For a simple comparison, one can think of a 360-degree cinema, known from Disneyland or other theme parks, where the image completely surrounds the viewer. The desert, including the sun in the sky, is shown on screens around the actors – and lights them at the same time. Everything looks so sharp and real instantly that all you have to do is start shooting. Until full immersion – not later in the cinema, but already on set.

StageCraft Weather

Bryce Dallas Howard (center) directs the “Mandalorian” group. Are the wooden walls in the background real? of course not.

(Photo: Melinda Sue Gordon / ILM / Lucasfilm)

Where it shines in this dome is more than just a two-dimensional desert panorama. Something like this will be detected quickly with every movement of the camera as it does not shift in perspective. The desert world behind the LED screen is not based on a single image but on thousands of desert images and has a 3D data structure stored in what is called an “unreal engine” which creates a feeling of moving smoothly across 3D worlds even in computer games.

This program ensures that each rock has its own shade that can move with the light source, and that the part in the foreground turns more than mountains on the horizon when the camera moves. This artificial desert behaves just like a real desert in front of the camera, except that you can move its rocks with the click of the mouse, and change the position of the sun and clouds in the sky. Dream of a world of images that can be manipulated in real time – it has never been closer.

It is not easy to manufacture such illusory worlds. For their pioneering work with “Mandalorian,” a number of leading film companies had to come together to build “The Volume”: first and foremost, Industrial Light & Magic, the special effects company founded by George Lucas. But also Epic Games, the rulers of the Unreal Engine, as well as Golem Creations, Fuse, Lux Machina, Profile Studios, NVIDIA, and the Munich Camera Professionals from Arri.

They called their co-creation Stage Craft, and the technology has now reached the point where it’s rapidly expanding. Soon there will be two domes of light in Los Angeles, a third at Pinewood Studios in London, and a fourth at Fox Studios in Australia, where the Marvel movie “Thor: Love and Thunder” will be filmed. Plus, there are domes that can be erected everywhere if needed – George Clooney actually used one in his Netflix movie “The Midnight Sky”. This is how new standards are created.

The consequences for filmmaking will be huge. First of all, with superhero movies, fantasy and science fiction movies set in front of fictional landscapes that must be artificially created. The actors are very happy about it. After decades in front of green screens, they’re finally allowed to see the things they’re supposed to interact with again – almost kind of a release. But it won’t stop there.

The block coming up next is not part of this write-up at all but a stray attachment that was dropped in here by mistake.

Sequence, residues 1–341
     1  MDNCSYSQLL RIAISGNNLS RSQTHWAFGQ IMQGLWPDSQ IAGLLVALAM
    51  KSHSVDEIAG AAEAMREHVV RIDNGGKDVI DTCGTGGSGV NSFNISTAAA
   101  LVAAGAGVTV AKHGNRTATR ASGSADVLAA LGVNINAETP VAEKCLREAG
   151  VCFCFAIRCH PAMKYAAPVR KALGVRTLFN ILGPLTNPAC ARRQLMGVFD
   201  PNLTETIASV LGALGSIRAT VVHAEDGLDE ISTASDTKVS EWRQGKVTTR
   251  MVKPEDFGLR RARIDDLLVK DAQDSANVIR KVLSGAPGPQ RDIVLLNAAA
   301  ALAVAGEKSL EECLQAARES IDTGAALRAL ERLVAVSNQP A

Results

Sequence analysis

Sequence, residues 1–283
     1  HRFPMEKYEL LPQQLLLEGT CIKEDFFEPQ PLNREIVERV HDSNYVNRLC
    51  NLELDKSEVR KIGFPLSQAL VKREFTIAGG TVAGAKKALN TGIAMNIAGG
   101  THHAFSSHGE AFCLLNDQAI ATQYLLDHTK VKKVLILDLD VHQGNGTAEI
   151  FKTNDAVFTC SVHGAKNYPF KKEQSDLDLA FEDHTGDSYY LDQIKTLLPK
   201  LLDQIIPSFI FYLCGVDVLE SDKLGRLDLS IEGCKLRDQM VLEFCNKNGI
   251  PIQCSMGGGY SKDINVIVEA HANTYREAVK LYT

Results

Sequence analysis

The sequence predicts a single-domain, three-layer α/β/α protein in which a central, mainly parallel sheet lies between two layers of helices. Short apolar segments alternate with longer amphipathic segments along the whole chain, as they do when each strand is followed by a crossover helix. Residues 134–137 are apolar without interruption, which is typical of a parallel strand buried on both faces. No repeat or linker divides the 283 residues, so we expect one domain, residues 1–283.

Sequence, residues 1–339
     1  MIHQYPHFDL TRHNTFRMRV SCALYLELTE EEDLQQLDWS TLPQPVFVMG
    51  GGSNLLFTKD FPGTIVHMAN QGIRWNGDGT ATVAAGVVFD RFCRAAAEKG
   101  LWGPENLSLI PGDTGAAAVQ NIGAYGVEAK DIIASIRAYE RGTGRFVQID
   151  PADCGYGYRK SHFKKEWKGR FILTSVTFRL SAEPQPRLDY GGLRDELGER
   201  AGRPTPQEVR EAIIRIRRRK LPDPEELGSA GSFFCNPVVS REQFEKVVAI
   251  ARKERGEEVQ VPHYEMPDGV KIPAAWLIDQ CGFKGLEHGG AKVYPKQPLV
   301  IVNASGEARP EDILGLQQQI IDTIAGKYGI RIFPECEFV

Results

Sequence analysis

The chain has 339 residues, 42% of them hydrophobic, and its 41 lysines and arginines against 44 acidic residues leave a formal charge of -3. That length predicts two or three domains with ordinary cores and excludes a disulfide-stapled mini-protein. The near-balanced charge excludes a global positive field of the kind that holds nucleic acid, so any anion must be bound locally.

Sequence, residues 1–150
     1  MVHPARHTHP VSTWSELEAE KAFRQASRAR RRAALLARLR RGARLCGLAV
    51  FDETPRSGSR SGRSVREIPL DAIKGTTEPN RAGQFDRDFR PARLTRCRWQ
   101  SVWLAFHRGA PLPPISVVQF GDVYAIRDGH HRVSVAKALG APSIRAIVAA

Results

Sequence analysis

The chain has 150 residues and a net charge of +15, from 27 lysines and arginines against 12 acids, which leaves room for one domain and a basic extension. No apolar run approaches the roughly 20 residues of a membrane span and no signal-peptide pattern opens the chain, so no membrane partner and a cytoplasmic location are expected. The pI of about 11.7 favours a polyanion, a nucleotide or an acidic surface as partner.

Real landscape shooting is now in danger, too. Give the photographer the opportunity to shoot all day in the most beautiful evening light, without the time stress of the vanishing sun. You won’t want to do without it anymore. Give the product the security that from now on the weather does not matter, the travel expenses will be eliminated and the hotels will not be able to curb it. Will he say no? Thanks to the “volume” only, it was possible to shoot the second season of “The Mandalorian” despite Corona, and in record time.

In this new movie world, drastically less plywood is used

Even the production designers, who have to make major adjustments, can become fans of the new Celestial Window. With “Mandalorian” they immediately started building their collections digitally, as 3D graphics in a computer. Only the tables, chairs, and bar counters that the actors had direct contact with were real. Ceilings and walls – for example in Bounty Hunters’ Bar or in Werner Herzog’s dungeon – were shown on LED screens. It immediately seemed so compelling that no intergalactic dirt noticed it.

Sure, in this new world of movies, you’ll need drastically less plywood, huge studio halls might become superfluous, and movie joiners won’t have much to do in the future. However, the job of the digital group builder will be more demanding, as the restrictions on money, materials, space, and load are suddenly no longer applied. For relatively little money, anyone can now become as extravagant as the legendary James Bond designer Ken Adam and turn extinct volcanoes into a seat of evil.

But it is perhaps the best: after the work is done, the entire collection is saved to the hard drive and can be recovered at any time. You instantly imagine brand new markets: Expensive products selling their perfect digital backgrounds to B-Pictures for second and third use. Sole company scans 3D landscapes at the most beautiful points on Earth and resells data to film companies. And the historically interested who recreated Berlin from 1933 ideally like 3D graphics so that all future Nazi films could play it.

Will there be filmmakers in the end who will insist on the ancient craft, and continue to insist on traveling the world with large crews and building massive sets of plywood, even if no viewer can see the difference? But certainly. Christopher Nolan and Quentin Tarantino, who still, even after the complete victory of digital cameras, fight tirelessly to preserve the film’s grain, would be perfect candidates for this.